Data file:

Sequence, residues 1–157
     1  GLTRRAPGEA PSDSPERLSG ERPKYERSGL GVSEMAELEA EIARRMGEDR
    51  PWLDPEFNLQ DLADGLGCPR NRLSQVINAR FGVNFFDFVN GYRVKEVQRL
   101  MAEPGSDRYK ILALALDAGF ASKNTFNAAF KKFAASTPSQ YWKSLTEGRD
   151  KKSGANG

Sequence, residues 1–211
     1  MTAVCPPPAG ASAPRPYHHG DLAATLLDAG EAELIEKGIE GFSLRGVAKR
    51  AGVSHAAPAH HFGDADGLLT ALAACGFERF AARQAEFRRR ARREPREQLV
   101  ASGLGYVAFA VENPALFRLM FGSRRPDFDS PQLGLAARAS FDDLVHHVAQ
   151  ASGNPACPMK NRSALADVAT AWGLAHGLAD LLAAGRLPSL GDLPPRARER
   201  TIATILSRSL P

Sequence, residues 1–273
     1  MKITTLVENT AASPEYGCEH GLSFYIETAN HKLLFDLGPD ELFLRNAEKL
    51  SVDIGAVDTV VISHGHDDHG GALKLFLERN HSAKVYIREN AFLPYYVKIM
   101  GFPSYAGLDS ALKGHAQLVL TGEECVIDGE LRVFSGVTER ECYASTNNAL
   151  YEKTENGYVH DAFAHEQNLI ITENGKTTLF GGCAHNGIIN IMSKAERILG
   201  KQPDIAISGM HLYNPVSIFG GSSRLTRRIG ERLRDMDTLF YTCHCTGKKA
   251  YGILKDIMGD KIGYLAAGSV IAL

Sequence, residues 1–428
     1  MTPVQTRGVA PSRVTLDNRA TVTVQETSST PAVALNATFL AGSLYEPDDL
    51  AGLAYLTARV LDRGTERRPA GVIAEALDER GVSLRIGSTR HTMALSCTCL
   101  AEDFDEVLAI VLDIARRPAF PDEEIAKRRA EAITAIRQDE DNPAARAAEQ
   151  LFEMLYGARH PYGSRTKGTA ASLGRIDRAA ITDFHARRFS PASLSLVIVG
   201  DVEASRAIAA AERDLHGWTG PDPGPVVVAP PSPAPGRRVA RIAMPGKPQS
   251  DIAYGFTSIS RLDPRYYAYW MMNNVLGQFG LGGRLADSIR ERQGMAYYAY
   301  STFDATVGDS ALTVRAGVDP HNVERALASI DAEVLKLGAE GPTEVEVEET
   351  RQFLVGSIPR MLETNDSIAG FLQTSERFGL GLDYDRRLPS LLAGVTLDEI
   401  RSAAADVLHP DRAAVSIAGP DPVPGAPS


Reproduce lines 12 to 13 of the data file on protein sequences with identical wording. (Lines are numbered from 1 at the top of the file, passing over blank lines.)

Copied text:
Sequence, residues 1–273
     1  MKITTLVENT AASPEYGCEH GLSFYIETAN HKLLFDLGPD ELFLRNAEKL